“Some of the rules regarding crypto assets are well settled. The test to determine whether a crypto asset is a security is straightforward.”
The endless debate over regulatory clarity within the digital asset space has reached Senator Elizabeth Warren, who has requested information about the regulator’s current authority over the industry and what is required of Congress to fill existing gaps in regulation.
The deadline for response was July 28, the day Representative Don Baer introduced legislation to protect consumers and promote innovation in the space: the Digital Asset Market Structure and Investor Protection Act.
Senator Warren requested that the CFTC be implicitly removed from the equation, and Gensler’s response from the Securities and Exchange Commission, now announced, makes clear that this is the agency’s expectation.
“A typical trading platform contains more than 50 tokens. In fact, many own over 100 tokens. While the legal status of each token depends on its facts and circumstances, the possibility is very remote that with 50 or 100 tokens, the Any particular platform does not contain any securities,” SEC President Gary Gensler said in the letter.
The Securities and Exchange Commission is also arguing in favor of the “Howie test” to ascertain the legal status of any given digital asset. Whether it is safe or not. “Some rules regarding crypto assets are well settled. The test of whether a crypto asset is a security is straightforward. The Securities and Exchange Commission has taken and will continue to take our powers as far as they go.”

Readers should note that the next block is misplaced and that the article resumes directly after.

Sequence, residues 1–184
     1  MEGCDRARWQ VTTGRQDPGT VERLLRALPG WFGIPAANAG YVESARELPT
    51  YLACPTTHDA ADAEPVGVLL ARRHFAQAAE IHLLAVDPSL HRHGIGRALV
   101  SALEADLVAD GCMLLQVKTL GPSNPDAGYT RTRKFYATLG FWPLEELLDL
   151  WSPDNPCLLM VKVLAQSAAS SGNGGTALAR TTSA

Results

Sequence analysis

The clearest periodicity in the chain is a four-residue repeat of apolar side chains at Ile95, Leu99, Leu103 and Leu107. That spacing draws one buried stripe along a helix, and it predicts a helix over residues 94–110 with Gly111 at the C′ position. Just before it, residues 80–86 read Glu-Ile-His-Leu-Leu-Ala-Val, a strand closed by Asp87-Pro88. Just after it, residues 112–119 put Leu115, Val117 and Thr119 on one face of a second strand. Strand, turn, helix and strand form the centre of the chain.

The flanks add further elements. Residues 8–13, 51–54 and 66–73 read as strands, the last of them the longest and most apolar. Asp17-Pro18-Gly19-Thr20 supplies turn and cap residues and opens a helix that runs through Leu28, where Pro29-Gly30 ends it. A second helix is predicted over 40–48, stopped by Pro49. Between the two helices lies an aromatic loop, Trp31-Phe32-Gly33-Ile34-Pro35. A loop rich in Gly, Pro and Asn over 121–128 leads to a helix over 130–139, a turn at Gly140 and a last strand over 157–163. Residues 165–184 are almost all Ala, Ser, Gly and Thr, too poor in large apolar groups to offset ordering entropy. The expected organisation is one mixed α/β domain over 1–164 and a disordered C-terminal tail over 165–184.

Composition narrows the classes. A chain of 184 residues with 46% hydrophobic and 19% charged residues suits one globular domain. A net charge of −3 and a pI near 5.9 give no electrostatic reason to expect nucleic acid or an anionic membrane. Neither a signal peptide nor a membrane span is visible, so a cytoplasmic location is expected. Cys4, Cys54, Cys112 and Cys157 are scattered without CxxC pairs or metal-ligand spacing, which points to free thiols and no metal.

A number of academics, including at Rutgers School of Law and the American Enterprise Institute, have said otherwise, suggesting a different approach to digital assets.
The SEC’s lawsuit against Ripple is probably the most serious threat to the validity of Howie’s test. The FSA recently said this when the court warned that a Ripple victory in the fair notice defense would be considered invalid.
This is also the reason why many legal experts close to the legal battle over the nature of XRP have argued that Ripple’s victory in a summary judgment on this defense “could save the industry from the SEC.”
SEC vs. Ripple: XRP Not Subject to SEC Under Pending Law, Lawyer Thien-Vu Hogan says
The dominant tone among regulators appears to be becoming more aggressive as the Securities and Exchange Commission (SEC) looks to claim the digital asset space for itself. Earlier this month, we saw some exchanges between the Commodity Futures Trading Commission (CFTC) and SEC commissioners to defend their authority over the asset class.
In the meantime, the period of finding out the facts is coming to an end, and there is still much to be done as both sides withhold valuable documents from the other side.
The SEC wants to force Ripple to hand over terabytes of Slack messages that could be crucial in the case of the agency where XRP is being marketed as collateral.
On the other hand, Ripple has become frustrated with the plaintiff’s use of the franchise principle to keep most documents unavailable to defendants. The court will hear the views of the parties to decide on the matter.
Judge Sarah Nitburn asked the defendants to write a 15-page “Beast Brief,” which appeared to include portions of the transcript of William Hinman’s testimony.